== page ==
I very much agree with Alan Carcas that Yorkshire’s King should be buried in York.
However, Mr Carcas’ argument is rather spoiled by historical inaccuracy. My degree, by the way, is in history with special subject Richard III.
Richard III was never Duke of York although both his father and his nephew were called Richard Duke of York. Richard was Duke of Gloucester (Shakespeare got that right in his glorious piece of Tudor propaganda) and there is a plaque to him in Gloucester, unveiled by the current Duke of Gloucester who is also called Richard and who should be guest of honour at a state funeral at York Minster. Our king was of course not born in Yorkshire but grew up at Middleham and is an honorary Tyke.
Mr Carcas’ statement that the Woodville Clan would benefit from the murder of the children is ludicrous as the mother of the boys was Elizabeth Woodville whose marriage’ to Edward IV led to power for her brothers and sons by her first marriage.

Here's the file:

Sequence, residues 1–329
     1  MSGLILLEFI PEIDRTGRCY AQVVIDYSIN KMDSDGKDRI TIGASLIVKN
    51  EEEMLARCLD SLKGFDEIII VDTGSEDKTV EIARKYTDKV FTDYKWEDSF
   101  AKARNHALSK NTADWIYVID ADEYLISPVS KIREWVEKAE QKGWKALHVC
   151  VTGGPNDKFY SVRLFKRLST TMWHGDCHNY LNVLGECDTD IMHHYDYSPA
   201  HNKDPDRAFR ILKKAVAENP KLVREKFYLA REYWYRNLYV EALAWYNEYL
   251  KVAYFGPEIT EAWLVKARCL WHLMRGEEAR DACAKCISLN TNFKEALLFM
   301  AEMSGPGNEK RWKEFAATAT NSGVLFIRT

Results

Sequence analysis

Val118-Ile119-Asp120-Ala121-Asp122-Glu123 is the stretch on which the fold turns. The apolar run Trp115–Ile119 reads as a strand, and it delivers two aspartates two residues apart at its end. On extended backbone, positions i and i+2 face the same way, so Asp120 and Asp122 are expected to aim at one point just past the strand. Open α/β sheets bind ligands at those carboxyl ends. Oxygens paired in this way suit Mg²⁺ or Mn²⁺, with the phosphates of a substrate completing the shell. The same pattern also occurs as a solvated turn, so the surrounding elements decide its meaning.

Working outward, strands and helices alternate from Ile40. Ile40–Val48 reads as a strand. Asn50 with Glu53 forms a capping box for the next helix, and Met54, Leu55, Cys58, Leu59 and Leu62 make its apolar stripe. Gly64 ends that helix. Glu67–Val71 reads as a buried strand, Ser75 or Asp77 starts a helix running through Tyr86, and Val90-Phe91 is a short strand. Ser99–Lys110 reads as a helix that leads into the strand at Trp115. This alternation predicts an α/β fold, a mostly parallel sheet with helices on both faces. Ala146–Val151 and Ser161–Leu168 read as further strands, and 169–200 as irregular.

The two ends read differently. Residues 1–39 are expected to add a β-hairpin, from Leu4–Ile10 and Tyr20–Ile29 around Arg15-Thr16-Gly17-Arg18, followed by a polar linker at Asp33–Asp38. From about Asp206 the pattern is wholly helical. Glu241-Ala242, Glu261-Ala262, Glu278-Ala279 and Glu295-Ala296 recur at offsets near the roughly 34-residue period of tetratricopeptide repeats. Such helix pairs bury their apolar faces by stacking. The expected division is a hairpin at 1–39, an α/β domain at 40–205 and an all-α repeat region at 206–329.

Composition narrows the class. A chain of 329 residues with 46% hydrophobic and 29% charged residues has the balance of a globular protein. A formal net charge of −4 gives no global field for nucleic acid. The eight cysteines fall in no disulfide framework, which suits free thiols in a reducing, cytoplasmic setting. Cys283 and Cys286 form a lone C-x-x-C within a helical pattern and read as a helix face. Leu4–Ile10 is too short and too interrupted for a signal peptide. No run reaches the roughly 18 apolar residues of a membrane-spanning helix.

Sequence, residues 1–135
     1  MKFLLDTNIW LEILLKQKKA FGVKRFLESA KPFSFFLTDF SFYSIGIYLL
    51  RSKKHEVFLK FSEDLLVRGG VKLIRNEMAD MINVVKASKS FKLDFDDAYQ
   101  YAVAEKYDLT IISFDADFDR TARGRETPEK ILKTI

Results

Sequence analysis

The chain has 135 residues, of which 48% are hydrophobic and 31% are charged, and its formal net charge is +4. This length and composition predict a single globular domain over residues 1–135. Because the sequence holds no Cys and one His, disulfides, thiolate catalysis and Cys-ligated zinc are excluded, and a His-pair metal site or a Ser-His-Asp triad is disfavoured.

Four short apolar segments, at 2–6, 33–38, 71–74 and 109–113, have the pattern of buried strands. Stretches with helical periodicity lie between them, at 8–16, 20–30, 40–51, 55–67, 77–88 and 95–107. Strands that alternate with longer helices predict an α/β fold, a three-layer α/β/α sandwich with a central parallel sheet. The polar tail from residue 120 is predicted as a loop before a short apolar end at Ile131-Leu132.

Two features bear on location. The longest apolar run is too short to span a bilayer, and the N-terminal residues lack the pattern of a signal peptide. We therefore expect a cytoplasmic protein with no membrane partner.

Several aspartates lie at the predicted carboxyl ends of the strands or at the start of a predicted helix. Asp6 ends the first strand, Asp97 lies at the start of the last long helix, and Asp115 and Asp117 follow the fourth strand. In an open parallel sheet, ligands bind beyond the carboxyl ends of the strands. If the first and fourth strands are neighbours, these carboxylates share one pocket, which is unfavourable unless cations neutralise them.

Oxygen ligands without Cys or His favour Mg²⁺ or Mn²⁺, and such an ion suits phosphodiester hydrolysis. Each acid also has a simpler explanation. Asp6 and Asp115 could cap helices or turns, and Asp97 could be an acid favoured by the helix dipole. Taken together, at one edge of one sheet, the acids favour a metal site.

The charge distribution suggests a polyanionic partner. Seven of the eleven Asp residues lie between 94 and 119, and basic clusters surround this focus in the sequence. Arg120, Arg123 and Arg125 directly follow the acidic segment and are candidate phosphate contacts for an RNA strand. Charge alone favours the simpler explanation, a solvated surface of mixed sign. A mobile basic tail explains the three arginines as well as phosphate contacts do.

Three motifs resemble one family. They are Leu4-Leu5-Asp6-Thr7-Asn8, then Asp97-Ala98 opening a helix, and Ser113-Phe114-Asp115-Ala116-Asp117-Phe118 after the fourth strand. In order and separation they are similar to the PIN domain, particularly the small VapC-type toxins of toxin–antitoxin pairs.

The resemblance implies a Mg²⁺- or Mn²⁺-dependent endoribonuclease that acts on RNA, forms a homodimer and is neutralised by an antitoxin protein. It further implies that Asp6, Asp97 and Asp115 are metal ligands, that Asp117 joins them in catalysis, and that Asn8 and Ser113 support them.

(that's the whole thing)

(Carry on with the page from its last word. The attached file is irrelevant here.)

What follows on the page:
A living Edward V was essential to their maintenance of power and they certainly got no benefit from the usurpation of Henry Tudor who locked his mother-in-law up in a convent. The basis of Richard’s claim to the throne is that the Woodville marriage was invalid and the children illegitimate. There is no evidence which would stand in a court of law as to whether the children were murdered or who might have done it and most sources for accusations against Richard were written after his death. However Henry Tudor claimed to be king by right of conquest, since illegitimacy on both sides of his family gave him no legal claim to the throne. His subsequent marriage to the boys’ sister would strengthen his position if she were legitimate but only if her brothers were not alive, thus Henry Tudor had much to gain by their deaths but again there is no evidence. Certainly the Tudors as a family were experts in removing anyone with a better claim to the throne than them and there were many.
Finally I did miss the promised interview on Look North with ‘one of Richard’s descendants,’ but he had none. His legitimate son died as a sickly child and his only illegitimate, John of Gloucester, was polished off by Henry Tudor without heirs. The dentist matched by DNA was descended from Richard’s sister Anne but his brother Edward IV had lots of descendants through his granddaughter Margaret Tudor, Queen of Scots, so any of the present royal family would have been as related as the Canadian dentist.